Meet grouchy people on their end of the brick wall
As we start the new year — and to give us the best chance possible to make it a good one — we may want to review one of the key rules for success: Learn to get along with hard-to-get-along-with people.
No, Coca-Cola Mike, stop it! You know good and well we’re not talking about the amazin’ blonde when we say that, and I’m a little surprised you even thought that.
But it is true that some people seem to make a living being contrary, difficult, smug, ridiculous, or any number of other adjectives we could conjure up. So, today, we’re going to give a little “pep talk” on how to deal with these people.
In short, it is this: When people make walking a mile with them tough, volunteer to go the second mile. Not that I’ve been that successful at that second mile walk, but I learned to at least try it as a young man. Back in my young, bricklaying days, I worked once with a big, long-haired fella with a bad attitude. He was grouchy from the time he got out of his truck and climbed on the scaffold in the morning until he packed his tools up and climbed down to go home.
I made a point always to be as nice to him as I could and to greet him with a hearty “Good morning!” every day. Of course, at the age of 20, part of that kindness, I’m sure, was due to a desire for self-preservation.
I never got a “good morning” back, maybe just a growl or a groan. And he did his half of the wall all day long, nothing more.
Bricklayers, you see, usually get on a long wall – each starting on different ends – and they lay brick until they meet in the middle. This fella, of course, was about the last guy you’d want to have to meet in the middle, or anywhere else, for that matter. Most of the time he would beat me to the middle and figure he’d done his half of the wall and would turn around and go back to his end and clean his trowel or joint up his work until I caught up. That put me a step behind all day.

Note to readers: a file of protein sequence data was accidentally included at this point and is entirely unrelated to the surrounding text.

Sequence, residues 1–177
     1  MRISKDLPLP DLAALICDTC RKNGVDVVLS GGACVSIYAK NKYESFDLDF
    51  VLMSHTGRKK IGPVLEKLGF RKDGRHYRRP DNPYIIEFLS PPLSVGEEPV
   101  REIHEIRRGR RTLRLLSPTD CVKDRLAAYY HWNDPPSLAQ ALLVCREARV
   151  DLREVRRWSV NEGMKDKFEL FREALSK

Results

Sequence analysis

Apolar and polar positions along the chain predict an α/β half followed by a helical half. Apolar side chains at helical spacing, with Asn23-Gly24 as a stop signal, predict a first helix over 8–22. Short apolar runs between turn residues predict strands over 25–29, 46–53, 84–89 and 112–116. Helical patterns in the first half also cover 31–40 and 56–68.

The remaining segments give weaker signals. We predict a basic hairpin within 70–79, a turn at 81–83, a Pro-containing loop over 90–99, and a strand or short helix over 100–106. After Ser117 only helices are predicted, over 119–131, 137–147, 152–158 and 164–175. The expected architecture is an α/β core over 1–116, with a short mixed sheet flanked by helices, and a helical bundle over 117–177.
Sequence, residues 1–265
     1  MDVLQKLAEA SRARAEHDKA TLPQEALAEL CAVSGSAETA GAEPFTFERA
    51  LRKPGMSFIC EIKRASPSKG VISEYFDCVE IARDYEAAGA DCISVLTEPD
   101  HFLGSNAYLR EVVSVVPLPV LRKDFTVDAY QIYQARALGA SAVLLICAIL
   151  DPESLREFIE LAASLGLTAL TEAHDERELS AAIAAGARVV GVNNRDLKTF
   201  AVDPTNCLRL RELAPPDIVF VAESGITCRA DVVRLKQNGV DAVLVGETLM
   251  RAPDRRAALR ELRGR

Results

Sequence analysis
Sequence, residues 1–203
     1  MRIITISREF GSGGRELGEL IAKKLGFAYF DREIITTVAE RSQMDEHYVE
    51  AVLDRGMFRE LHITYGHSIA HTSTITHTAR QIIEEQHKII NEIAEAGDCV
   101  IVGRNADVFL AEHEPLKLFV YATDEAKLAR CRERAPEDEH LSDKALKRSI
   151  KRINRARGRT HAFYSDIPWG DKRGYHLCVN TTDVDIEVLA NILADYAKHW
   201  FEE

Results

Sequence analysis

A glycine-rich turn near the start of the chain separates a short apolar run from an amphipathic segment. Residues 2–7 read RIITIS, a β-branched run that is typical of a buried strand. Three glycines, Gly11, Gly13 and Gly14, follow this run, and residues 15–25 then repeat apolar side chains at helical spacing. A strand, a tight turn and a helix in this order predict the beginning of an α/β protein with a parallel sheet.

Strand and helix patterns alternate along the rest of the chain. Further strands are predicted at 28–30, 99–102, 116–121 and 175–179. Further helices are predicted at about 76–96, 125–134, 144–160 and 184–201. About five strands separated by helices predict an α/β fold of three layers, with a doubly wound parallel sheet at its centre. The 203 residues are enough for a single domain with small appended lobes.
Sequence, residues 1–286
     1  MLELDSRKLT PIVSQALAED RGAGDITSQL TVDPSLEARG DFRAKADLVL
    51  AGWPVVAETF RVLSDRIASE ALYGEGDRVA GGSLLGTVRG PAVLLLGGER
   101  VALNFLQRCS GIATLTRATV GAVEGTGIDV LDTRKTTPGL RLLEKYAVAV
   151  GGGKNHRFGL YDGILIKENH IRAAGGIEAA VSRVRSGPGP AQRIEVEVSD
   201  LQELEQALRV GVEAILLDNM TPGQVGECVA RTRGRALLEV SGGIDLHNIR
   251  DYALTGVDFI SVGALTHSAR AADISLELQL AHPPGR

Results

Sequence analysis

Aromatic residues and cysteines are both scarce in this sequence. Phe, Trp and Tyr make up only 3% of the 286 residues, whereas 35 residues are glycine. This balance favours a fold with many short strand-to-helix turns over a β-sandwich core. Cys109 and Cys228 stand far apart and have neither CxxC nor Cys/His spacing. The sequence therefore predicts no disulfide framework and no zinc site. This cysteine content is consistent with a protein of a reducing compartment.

Occasionally, though, I’d beat him to the middle of the wall. I hesitated when we got there, thinking, “Ah, I’m goin’ to show him.” But, somehow, I dug down deep enough to find a way to keep laying brick until we met. Then I’d end up laying the “closure.”
The closure brick is that one brick nobody wants to lay. It’s the last one when the two bricklayers meet in the middle of the wall. Having to lay that brick is one of the big disadvantages of being courteous and going ahead and meeting somebody over halfway. It’s the slowest brick to lay, and – if one of the bricklayers is off bond – you may have to adjust a few other bricks to make it fit.
Of all the time my grouchy buddy and I worked together, I don’t think he ever laid the closure. If he beat me to the middle, he went back to the other end and piddled while I finished up.
If I beat him, I kept going until we met, and he always seemed to time it just right so that I’d be the one to lay the last brick. (You know people like that, don’t you!) Then he’d head back early to his end and get a head start on raising his line and getting ready for the next course. Consequently, even when I got ahead, I always managed to stay behind.
I don’t remember the fella’s name, and I don’t remember ever running into him again down the road. I’d love to tell you that all that being nice to him made a difference in him, that one day I climbed up on the scaffold and he said,
“Good morning, kid!” with a pleasant tone to his voice, and added, “Come down here and get some of these donuts I brought cha.”
And I’d love to tell you that all that day he met me way past halfway and volunteered to lay that closure brick, and that occasionally when we met for the last brick that he’d say things like, “Hey, kid, how’re the wife and kids?”
But I don’t remember any of that ever happening. I do wonder if he has mellowed some, and if being nice to him was something he appreciated down deep.
What I know, though, is this: In our lifetime, you and I will meet many a grouchy man in the middle of the brick wall in our day. When we do, it’s best to lay the closure brick and wish him and his family well.
After all, how do you think we’ve gotten along so well with Coca-Cola Mike through the years?